It's the data, stupid (note to self)

Last Friday I was part of the International Data Responsibility Group's second conference where I heard incredible examples of how the World Food Programme is using data to guide its work feeding people in conflict zones and thought long and hard about data collaboratives and the possibility of data philanthropy.

On Saturday I read about the ways Russia is targeting attacks on human rights and aid-related NGOs' digital systems in Syria.

On Monday, I participated in an incredible seminar on crowdsourcing and public decision making, partly organized around Beth Noveck's book - Smart Citizens, Smarter State.

On Wednesday, I heard Kevin Carey discuss his book, The End of College, which looks at the economic opportunities that digital tools bring to higher education. It only hints at how the digital data generated in those environments will become a key resource and point of contention between schools, students, employers, regulators, researchers, and teachers.

Today, I pushed forward in my attempts to convene scholars of crowd (sourcing and funding) - or what we're calling CrowdX - from across the Stanford campus, in disciplines as diverse as civil engineering and business, social algorithms and democracy theory.

I also read that the charges that Airbnb "cooked its data books" in releasing information to New York regulators hold up.  It took intrepid journalists to demonstrate this to the public and to regulators - and to get the company to fess up.

And, of course, like many people I am absorbed in the legal, ethical, and democratic arguments unfolding between the FBI and Apple.

All of these disparate events raise concerns about privacy, publicness, and data. But the one issue that I think they all raise - that has actionable, policy-related implications for philanthropy and civil society - is this:

  1. What data must be made public (and auditable) by platforms that facilitate public services (transportation, shelter, funding charitable or public goods)?
We require public businesses, nonprofits and foundations to report on their activities. This information provides some form of accountability, is helpful in fighting fraud, and - in the aggregate - provides a critical lens into the state of our economy, our social sector, and our democracy.

So, what data do we need access to, as a public, to understand, oversee, and yes, audit, platform companies that facilitate transactions that meet the same criteria of public interest. They may be charitable in nature, public good supporting, or mutual aid related.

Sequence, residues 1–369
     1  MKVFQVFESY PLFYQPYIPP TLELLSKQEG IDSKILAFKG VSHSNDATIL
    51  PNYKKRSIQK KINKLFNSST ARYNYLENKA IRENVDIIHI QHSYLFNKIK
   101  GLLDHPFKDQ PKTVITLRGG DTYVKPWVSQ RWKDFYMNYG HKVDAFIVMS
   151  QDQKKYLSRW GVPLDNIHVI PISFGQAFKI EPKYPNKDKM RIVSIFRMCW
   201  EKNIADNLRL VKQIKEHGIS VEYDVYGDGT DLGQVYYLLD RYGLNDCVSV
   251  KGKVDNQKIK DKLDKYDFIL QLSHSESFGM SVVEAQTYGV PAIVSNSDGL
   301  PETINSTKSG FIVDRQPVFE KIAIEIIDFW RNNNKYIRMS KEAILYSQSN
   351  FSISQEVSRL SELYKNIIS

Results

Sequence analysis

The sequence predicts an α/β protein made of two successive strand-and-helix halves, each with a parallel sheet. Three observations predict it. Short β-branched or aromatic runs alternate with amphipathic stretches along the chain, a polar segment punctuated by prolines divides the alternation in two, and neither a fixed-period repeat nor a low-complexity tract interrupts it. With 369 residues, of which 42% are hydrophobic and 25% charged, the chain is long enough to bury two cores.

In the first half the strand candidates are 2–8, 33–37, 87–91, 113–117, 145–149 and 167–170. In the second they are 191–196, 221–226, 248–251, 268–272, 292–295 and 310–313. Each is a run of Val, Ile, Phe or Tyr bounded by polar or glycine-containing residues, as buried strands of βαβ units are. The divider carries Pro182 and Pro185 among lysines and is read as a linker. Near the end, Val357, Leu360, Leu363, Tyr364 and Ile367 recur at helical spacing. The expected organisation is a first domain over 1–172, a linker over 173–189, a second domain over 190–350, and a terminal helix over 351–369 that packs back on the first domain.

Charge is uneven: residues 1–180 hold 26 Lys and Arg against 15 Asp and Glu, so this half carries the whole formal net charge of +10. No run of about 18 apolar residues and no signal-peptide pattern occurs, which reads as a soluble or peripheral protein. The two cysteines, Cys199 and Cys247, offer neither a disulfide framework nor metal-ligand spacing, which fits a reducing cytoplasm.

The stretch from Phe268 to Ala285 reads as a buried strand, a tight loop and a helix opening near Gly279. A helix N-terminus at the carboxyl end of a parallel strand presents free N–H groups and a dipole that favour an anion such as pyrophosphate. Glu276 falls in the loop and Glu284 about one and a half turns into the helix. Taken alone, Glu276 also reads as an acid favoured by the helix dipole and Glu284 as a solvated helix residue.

Setting the bar at its lowest - shouldn't we at least have access to the same information from these platforms that we would gather were the transactions happening in some other way? Why would the platforms - even as proprietary as they are - be given a pass on reporting data on transactions that we'd otherwise publicly report? And, given their own self-touted role in a "big data" economy, setting the bar that low seems, well, practically analog and 20th century.

We're working on this question.  We don't yet have answers (although here are some ideas).  We do know the answer is not "nothing, trust us." And we do know that the getting the answer right matters to - and depends on - the active participation of existing institutions in civil society and philanthropy.

Let the lawsuits begin


We launched digitalIMPACT.io on Tuesday at the Data on Purpose conference. It was great.

One of the conversations I had during the event was initiated by someone asking me the question, "When will the lawsuits begin?"

The point was that organizations won't change until they really have to, so nonprofits won't start really digging into data governance practices and policies (what digitalIMPACT.io provides) until they're  legally required to do so. Lawsuits that lead to regulatory or legislative change, this person was suggesting, are a step toward the same type of organizational behavior change we're trying to support with digitalIMPACT.

History bears out this "theory of change."

Bad behavior, lawsuit, lawsuit, lawsuit, regulatory change is a plot line (or subplot) through a great deal of social and political history. Environmental protection. Civil rights. Gun laws. Campaign funding. And, yes, the protection of civil liberties online.